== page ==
Ways TV Shows Get Healthcare Wrong

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  • 14 Jul, 2022  |
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1 Ways TV Shows Get Healthcare Wrong

Are you a fan of television series like Grey's Anatomy or House? Or possibly M.A.S.H. from back in the day. If so, you may wonder or notice things about the show that don't seem very accurate to the real-life medical field.

While there have been many popular television shows over the years that feature doctors and other healthcare professionals, many of these center around the romantic lives of the people working in hospitals and dramatize what actually happens in the healthcare field.

So, while these television shows might be interesting and fascinating to watch, here are some of the main things they get wrong about doctors.

These shows ignore the rules and legalities of the profession

In a study about bioethics on medical dramas, researchers found that many of these series, House, in particular, didn't follow professional rules and laws. They noted that in the show, the main character himself would ignore patient consent for treatments.

On Grey's Anatomy, there were many instances of unprofessional behavior cited in a different study, which you can read more about from the BBC.

While these behaviors might be played up for dramatic impact, they would be unethical at best and dangerous at worst in real life, as patients' lives and autonomy would be on the line. You probably wouldn't want to actually be a patient at some of these famous fictional hospitals.

Many series make it seem like everyone can be revived through CPR

If you're a fan of medical dramas, you've probably seen multiple scenes where a patient is brought back from near death with either CPR or a defibrillator. But, while this might make for good television as there's a lot of suspense, tension, and then a payoff, this isn't usually how things go.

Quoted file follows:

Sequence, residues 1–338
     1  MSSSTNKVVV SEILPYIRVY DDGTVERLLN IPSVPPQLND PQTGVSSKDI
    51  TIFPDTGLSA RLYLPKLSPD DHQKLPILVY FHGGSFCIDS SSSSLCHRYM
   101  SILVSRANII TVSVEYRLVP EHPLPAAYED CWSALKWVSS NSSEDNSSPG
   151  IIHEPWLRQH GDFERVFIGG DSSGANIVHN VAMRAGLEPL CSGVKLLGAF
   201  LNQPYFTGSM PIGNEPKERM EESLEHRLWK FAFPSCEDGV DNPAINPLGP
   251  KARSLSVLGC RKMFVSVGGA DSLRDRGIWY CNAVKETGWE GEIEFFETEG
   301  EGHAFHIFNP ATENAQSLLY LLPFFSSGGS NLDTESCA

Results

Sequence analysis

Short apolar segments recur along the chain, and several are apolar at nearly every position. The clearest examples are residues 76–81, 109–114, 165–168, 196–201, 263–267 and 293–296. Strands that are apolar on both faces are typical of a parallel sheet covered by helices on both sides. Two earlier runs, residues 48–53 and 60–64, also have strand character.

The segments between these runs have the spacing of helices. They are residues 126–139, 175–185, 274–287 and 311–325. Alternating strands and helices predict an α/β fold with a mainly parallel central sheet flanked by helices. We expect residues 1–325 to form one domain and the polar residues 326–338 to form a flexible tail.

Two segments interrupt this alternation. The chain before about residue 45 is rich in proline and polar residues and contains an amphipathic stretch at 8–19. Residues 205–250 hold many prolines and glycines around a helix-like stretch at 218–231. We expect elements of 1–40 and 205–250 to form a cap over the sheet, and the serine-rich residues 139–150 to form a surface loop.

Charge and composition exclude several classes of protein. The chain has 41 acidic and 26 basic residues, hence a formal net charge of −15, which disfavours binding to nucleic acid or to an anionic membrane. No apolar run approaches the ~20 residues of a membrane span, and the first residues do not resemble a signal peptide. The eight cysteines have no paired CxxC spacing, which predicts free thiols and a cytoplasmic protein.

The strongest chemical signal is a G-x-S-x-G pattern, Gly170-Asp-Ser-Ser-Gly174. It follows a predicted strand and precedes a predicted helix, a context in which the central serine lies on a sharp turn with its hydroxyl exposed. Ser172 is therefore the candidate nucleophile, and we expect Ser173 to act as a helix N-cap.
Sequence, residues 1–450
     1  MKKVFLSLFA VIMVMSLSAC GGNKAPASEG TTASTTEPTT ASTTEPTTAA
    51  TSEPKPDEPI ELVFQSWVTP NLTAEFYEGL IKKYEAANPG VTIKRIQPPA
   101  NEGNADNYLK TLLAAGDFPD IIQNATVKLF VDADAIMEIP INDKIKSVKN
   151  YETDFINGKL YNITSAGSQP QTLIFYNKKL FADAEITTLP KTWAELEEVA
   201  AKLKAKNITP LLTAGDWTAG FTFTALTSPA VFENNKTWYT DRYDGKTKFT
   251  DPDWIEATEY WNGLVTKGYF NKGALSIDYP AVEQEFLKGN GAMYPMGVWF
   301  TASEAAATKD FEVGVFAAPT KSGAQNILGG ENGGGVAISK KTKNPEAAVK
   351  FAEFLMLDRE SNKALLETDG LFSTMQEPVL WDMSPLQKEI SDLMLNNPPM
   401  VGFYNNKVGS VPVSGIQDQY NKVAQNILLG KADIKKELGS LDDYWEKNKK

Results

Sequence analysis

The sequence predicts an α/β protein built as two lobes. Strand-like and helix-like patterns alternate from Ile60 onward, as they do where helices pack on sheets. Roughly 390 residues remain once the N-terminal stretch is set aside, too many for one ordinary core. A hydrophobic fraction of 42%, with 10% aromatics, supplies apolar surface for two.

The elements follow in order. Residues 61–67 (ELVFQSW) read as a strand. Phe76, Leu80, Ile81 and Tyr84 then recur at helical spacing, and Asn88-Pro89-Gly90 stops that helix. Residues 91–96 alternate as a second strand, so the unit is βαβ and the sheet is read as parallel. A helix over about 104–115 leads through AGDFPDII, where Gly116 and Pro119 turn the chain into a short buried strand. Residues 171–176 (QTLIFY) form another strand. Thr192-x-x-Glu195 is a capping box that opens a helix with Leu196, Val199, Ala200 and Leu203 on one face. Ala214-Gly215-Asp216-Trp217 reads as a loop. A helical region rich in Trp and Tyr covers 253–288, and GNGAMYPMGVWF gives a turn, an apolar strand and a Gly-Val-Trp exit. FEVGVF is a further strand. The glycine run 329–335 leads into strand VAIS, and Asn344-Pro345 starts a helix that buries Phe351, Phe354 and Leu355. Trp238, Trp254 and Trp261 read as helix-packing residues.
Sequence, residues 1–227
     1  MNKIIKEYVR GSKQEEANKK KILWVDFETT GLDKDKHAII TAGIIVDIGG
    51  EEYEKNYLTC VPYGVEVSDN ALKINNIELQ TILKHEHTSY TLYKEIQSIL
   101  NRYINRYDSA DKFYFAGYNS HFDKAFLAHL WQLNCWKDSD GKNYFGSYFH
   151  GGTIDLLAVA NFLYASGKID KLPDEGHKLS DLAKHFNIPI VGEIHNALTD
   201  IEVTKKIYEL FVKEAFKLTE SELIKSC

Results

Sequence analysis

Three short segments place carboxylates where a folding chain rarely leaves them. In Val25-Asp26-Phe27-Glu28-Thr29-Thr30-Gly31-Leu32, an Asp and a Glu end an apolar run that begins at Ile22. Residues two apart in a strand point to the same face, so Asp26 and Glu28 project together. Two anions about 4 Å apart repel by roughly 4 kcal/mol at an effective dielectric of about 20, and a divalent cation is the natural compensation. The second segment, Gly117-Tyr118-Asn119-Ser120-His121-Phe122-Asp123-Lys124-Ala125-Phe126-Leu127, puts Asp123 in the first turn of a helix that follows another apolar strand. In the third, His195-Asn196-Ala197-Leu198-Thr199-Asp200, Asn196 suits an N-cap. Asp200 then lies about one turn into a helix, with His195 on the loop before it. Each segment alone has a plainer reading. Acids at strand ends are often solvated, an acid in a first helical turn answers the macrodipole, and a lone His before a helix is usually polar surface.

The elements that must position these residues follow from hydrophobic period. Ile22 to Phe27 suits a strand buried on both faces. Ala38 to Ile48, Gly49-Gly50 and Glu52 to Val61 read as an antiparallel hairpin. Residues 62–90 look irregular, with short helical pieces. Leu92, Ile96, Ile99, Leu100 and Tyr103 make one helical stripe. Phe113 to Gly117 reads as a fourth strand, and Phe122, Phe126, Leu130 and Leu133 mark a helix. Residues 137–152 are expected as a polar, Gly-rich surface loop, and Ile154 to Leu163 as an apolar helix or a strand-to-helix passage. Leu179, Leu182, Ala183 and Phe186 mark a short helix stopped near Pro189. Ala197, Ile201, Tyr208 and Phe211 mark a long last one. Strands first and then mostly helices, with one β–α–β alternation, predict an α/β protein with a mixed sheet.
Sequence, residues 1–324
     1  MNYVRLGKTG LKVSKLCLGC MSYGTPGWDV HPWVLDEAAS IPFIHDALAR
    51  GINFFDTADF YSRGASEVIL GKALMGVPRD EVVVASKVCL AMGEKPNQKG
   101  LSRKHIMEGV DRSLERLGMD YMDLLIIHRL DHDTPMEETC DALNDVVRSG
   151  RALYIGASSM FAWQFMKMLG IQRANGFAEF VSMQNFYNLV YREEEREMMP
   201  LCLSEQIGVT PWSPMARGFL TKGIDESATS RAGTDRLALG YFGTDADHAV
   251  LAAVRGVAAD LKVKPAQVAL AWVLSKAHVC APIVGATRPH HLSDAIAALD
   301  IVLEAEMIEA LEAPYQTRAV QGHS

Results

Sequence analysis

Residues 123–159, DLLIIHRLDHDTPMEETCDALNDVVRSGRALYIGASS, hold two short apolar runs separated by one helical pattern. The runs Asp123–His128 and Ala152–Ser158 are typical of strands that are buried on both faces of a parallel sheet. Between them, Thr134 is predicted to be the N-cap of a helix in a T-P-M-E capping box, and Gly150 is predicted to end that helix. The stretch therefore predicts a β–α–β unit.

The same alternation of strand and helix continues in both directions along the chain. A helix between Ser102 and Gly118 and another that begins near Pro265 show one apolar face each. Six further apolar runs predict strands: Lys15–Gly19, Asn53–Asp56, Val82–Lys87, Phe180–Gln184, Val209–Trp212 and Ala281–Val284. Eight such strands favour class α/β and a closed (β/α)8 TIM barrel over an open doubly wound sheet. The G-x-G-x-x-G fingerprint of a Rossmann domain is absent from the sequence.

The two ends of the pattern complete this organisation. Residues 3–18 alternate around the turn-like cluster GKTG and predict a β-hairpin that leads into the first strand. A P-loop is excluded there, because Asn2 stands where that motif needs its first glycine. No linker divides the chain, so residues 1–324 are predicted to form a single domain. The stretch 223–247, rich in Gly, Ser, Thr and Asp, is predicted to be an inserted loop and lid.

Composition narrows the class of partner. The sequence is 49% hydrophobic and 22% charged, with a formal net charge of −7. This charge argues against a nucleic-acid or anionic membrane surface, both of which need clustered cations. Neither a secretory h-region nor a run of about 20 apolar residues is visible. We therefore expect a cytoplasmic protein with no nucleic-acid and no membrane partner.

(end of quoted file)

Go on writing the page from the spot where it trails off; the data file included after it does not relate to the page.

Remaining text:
A patient can't stay alive for an extended period of time under these conditions, and the results don't always turn out so positive. So, while it might happen that way in real life, it's mostly exaggerated, according to some healthcare professionals.

They downplay how hard it is to become a doctor

While these shows might play up and sometimes exaggerate the number of wild tragedies that happen daily, they sometimes underestimate just how much work it takes to become a physician. While there might be multiple plane crashes and such, they don't go into the actual hard work of being a doctor or nurse.

Some of the people on these shows don't seem equipped to do the work, and the series rarely mentions how long it takes to become a physician, nor how hard it is to be at the top of the field. In fact, doctors and nurses even have to do continuing education courses in order to stay licensed.

There's an overemphasis on the personal lives of the professionals

Just like with any other workplace, people who work in the medical field do sometimes encounter drama at their job. However, almost every medical series overplays this fact. They make it seem as if people at hospitals only date and hang out with each other, but this is going to vary a lot.

Some doctor offices and hospitals might have people who are good friends or even date each other occasionally, but the majority of medical professionals have lives outside of their jobs. They don't always date each other.

As shows often illustrate, it's challenging to be at your best career-wise when so much of your focus is being drawn away to interpersonal dramas happening around you. This kind of environment wouldn't be the healthiest for the healthcare workers or the patients.

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